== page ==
A record number of CFOs in S&P 500 companies stepped down last year, partly due to the turmoil facing their companies from the coronavirus pandemic.
An analysis by The Wall Street Journal found that 37 CFOs resigned in 2020, a 27.6 percent increase from 2019. The average number in the past 10 years has been 25. Companies like GM, Ford, HP and Delta Air Lines are among those who saw CFO departures last year.
Not all of them were forced out by the crisis, however. “There’s another side to that too,” said Institute of Management Accountants CFO Doreen Remmen. “Every resignation from those wonderful companies was quickly filled by a very talented person. Opportunities are opening up for people, as folks change jobs, move between companies, perhaps leave the workforce, maybe accelerate a decision, but they’re being actively recruited because of the talent they have demonstrated and opportunity to really show what they can do.”
Nevertheless, the pandemic has highlighted previously overlooked problems with companies’ finances and supply chains that also may have prompted some CFO resignations. Industries like travel, hospitality, dining and live entertainment were among those that saw steep declines in revenue last year. Finance chiefs had to adjust quickly to investor expectations while also dealing with the personal toll on family and friends.
A recent study by the IMA and the Association of Chartered Certified Accountants found technology to be one of a CFO’s biggest challenges. That’s been true for many years, especially with the need this past year to transition at many companies to a remote workforce and finance team.
“Those management accountants in the ranks who have embraced technology and automation have shown what a huge impact they can make on sustainable business processes,” said Remmen. “Those people are in high demand. There’s really strong competition for that kind of talent, and I think that has continued through the pandemic and will accelerate once business gets back to normal.”
The pandemic also highlighted the need for better risk management and crisis management at companies. “The pandemic has really shaken a lot of people out of their comfort zones, and it’s exposed a lot of weaknesses,” said Remmen. “When the economy is roaring and stock prices are high and sales are through the roof, a lot of weaknesses, a lot of sins can be hidden behind that momentum. When something like this happens, the weaknesses are exposed. The people who come along with solutions, who know what to do, who can solve a problem, roll up their sleeves and make things happen, those people will thrive.”
One of the risks that might have been exposed by the pandemic was an overreliance on the key personnel at the company instead of putting in place more sustainable processes, she pointed out, in addition to liquidity risks. “When there’s a lot of volume and velocity of money going through the systems, you can really overlook potential liquidity issues, so people who predicted that and were planning for that and had relationships and plans in place, those folks are shining and will always have strong opportunities.”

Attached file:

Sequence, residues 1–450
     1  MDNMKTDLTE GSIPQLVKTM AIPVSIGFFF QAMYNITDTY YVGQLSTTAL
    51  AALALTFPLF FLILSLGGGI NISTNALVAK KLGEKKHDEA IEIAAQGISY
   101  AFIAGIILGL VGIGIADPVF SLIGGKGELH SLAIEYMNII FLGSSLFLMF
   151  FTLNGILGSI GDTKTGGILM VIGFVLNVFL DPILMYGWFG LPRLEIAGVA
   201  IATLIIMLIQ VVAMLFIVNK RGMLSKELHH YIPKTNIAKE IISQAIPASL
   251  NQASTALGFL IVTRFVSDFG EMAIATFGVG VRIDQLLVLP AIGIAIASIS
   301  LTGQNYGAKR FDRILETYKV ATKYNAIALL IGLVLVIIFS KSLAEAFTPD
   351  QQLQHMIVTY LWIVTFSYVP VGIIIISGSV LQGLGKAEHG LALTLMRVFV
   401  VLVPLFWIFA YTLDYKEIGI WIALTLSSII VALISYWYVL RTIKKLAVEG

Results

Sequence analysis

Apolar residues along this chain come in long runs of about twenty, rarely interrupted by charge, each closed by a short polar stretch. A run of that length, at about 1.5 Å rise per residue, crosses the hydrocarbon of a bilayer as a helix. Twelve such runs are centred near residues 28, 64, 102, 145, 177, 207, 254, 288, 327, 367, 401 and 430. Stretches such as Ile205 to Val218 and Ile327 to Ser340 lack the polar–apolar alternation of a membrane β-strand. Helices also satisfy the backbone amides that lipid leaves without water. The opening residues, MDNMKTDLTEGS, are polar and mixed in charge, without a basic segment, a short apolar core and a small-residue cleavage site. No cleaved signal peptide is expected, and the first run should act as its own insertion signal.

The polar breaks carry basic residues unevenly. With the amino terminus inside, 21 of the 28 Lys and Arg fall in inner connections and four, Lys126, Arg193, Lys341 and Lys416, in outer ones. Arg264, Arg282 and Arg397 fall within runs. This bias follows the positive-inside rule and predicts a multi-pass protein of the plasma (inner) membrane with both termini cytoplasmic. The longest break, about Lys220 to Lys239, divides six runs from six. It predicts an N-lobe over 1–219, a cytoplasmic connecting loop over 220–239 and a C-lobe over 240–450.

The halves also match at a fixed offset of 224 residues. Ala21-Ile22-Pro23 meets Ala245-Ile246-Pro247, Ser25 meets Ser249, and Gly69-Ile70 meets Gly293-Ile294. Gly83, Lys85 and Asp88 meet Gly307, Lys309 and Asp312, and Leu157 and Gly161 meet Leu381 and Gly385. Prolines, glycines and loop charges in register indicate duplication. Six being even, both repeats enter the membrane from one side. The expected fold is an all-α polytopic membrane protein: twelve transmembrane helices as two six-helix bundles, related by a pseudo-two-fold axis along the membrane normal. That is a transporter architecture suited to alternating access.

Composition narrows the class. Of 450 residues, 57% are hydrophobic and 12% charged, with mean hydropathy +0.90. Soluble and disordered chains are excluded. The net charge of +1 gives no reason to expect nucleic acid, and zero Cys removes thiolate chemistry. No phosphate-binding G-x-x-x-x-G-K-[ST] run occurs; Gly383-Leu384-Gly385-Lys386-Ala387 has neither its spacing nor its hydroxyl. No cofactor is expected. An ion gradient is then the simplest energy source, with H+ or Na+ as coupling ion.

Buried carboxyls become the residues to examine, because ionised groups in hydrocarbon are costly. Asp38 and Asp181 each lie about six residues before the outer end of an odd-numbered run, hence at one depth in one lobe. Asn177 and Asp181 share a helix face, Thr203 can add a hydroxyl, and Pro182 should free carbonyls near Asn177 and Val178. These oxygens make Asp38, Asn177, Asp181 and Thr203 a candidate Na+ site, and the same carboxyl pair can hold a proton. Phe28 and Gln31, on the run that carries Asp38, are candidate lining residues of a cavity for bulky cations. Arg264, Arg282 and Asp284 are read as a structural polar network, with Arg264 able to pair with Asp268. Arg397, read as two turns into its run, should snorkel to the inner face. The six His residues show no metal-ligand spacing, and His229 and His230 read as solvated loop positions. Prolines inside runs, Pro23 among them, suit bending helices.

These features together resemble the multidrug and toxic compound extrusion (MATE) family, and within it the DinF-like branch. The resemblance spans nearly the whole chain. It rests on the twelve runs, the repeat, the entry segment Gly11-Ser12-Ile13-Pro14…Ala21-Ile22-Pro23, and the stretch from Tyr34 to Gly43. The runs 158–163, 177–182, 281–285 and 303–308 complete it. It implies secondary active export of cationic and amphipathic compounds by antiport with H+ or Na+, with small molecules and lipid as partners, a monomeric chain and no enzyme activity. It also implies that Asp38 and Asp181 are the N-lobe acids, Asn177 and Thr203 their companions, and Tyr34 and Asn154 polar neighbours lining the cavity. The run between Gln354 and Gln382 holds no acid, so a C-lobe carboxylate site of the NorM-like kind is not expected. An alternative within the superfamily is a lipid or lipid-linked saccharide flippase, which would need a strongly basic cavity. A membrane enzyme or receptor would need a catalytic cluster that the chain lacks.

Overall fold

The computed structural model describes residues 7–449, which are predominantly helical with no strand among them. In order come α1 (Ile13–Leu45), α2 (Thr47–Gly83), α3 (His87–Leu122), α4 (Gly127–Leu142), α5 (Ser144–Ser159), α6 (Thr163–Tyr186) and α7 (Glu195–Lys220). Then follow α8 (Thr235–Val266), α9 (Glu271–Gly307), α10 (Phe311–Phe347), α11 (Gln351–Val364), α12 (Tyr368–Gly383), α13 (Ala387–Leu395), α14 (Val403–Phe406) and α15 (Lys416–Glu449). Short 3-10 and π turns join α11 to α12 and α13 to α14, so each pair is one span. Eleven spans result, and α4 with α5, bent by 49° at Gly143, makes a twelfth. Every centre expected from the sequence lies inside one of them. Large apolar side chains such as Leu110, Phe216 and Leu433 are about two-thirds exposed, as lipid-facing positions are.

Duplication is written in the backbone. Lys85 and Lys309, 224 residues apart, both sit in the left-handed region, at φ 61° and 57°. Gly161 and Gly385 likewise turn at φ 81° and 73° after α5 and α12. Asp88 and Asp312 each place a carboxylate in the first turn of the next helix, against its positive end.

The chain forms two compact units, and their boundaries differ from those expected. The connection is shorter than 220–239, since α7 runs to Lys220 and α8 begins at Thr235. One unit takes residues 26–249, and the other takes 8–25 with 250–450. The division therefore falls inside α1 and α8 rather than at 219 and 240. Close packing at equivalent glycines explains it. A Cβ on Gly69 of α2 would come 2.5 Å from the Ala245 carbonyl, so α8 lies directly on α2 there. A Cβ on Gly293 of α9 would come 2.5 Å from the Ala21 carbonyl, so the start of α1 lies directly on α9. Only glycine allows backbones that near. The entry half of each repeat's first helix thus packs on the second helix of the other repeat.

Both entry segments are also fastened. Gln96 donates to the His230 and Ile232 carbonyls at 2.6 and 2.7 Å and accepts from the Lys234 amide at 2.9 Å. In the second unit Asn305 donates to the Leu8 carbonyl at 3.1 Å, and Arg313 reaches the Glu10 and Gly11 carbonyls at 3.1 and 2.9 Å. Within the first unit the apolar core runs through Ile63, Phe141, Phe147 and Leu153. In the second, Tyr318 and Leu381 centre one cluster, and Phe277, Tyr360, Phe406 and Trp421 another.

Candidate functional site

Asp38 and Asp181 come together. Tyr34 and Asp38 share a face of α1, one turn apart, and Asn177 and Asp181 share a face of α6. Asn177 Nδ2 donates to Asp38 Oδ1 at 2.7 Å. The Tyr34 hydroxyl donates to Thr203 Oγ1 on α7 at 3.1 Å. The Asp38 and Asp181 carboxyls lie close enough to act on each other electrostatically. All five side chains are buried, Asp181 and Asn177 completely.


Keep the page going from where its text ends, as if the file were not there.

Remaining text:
CFOs need to have a good understanding of their company, the ability to communicate well, and a thorough understanding of accounting.
“Being able to communicate is so important, but also being able to read the financials and understand the risks that are associated with your customer base and with your whole supply chain,” said Remmen. “Insolvent customers — everybody understands that — but what about insolvent suppliers? Being able to recognize the warning signs and red flags is really important. Accountants who have those skills and who have that ability, those are the people who are in demand.”
The pandemic has left many people feeling discouraged and worried about the future, she acknowledged. “There may be some people who are accelerating a decision to leave their company or to leave their workforce because they’re so discouraged by what’s happened in the past year, but on the other hand there may be others who are thinking about saying, ‘I’ve got this. You can depend on me. I’m going to see the company through this crisis,’” said Remmen.
The current crisis may open opportunities for future leaders. “Whether it’s people trading jobs or leaving the workforce, when there is accelerated turnover like that, it opens up opportunities for folks who may have been on the sidelines waiting for their turn to shine,” said Remmen. “If those people can demonstrate resilience, agility and adaptability, show that they’ve embraced technology, understand automation, that they’re cognizant of the risks in their particular industry or their business, that they’re able to see over the horizon and take a leadership role in solving problems, those people will have great opportunities as this pandemic comes to an end.”
When Ford CFO Tim Stone resigned last October, for example, he went on to join an artificial intelligence startup, ASAPP Inc., as its CFO and COO.
“I think that CFOs who have demonstrated excellent judgment and decision making during this crisis will be in high demand by other companies, and people in the ranks who showed that they are part of the solution, who stepped up and showed leadership and resilience, those people are also in demand,” said Remmen. “There’s strong competition for talent.”